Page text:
“The people” famously ousted Ferdinand Marcos from power in the Philippines in 1986. After democratization, though, a fault line appeared that split the people into citizens and the masses. The former were members of the middle class who engaged in civic action against the restored elite-dominated democracy, and viewed themselves as moral citizens in contrast with the masses, who were poor, engaged in illicit activities and backed flawed leaders. The masses supported emerging populist counter-elites who promised to combat inequality, and saw themselves as morally upright in contrast to the arrogant and oppressive actions of the wealthy in arrogating resources to themselves. In 2001, the middle class toppled the populist president Joseph Estrada through an extra-constitutional movement that the masses denounced as illegitimate. Fearing a populist uprising, the middle class supported action against informal settlements and street vendors, and violent clashes erupted between state forces and the poor. Although solidarity of the people re-emerged in opposition to the corrupt presidency of Gloria Macapagal Arroyo and propelled Benigno Aquino III to victory in 2010, inequality and elite rule continue to bedevil Philippine society. Each group considers the other as a threat to democracy, and the prevailing moral antagonism makes it difficult to overcome structural causes of inequality.
Author: Naren Nanda
Publisher: Taylor & Francis
Release Date: 2017-12-06
This volume explores the scope and limits of Mahatma Gandhi's moral politics and its implications for Indian and other freedom movements. It presents a set of enlightening essays based on lectures delivered in memory of the eminent historian B. R. Nanda along with a new introductory essay. With contributions by leading historians and Gandhi scholars, the book provides new perspectives on the limits of Gandhi’s moral reasoning, his role in the choice of destination by Indian Muslim refugees, his waning influence over political events, and his predicament amid the violence and turmoil in the years immediately preceding partition. The work brings together wide-ranging insights on Gandhi and revisits his religious views, which were the foundation of his morality in politics; his experience of civil disobedience and its nature, deployment and limits; Satyagraha and non-violence; and his struggle for civil rights. The volume also examines how Gandhi’s South African phase contributed to his later ideas on private property and self-sacrifice. This book will be of immense interest to researchers and scholars of modern Indian history, Gandhi studies, political science, peace and conflict studies, South Asian studies; to researchers and scholars of media and journalism; and to the informed general reader.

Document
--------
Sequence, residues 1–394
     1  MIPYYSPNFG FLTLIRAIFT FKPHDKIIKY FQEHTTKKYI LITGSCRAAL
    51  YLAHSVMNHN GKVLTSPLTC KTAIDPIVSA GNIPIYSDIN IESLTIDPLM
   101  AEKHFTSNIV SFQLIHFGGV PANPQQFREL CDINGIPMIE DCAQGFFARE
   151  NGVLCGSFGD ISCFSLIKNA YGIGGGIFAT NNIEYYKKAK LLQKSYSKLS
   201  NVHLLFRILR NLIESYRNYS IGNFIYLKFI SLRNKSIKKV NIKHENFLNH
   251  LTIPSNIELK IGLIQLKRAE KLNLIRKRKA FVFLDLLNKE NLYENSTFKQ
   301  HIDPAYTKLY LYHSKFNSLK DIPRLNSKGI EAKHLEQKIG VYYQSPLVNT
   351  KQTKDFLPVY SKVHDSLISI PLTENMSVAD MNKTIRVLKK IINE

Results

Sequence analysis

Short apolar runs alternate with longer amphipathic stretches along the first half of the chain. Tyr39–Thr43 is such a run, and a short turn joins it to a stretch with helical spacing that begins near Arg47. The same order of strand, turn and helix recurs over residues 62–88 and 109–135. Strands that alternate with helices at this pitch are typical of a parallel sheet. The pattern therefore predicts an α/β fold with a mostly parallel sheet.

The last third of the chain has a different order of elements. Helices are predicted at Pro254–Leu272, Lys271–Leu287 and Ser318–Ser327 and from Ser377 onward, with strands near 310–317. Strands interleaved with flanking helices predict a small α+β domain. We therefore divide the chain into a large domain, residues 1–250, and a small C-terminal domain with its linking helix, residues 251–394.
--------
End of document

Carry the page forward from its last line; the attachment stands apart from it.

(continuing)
Author: Ahmed Abdel-Raheem
Release Date: 2018-10-26
Genre: Language Arts & Disciplines
This book seeks to extend research on framing beyond linguistic and cognitive perspectives by examining framing in visual and multimodal texts and their impact on moral cognition and attitudes. Drawing on perspectives from frame semantics, blending theory, relevance theory, and pragmatics, the volume establishes a model of "pictorial framing", arguing that subtle alterations in the visual presentation of issues around judgment and choice in such texts impact perception, and applies this framework to a range of case studies from Egyptian, British, and American cartoons and illustrations. The book demonstrates the affordances of applying this framework in enhancing our understanding of both the nature of word-image relations and issues of representation in the op-ed genre, but also in other forms of media more generally. The volume will be of particular interest to students and scholars in multimodality, critical discourse analysis, cognitive linguistics, social psychology, and communication studies.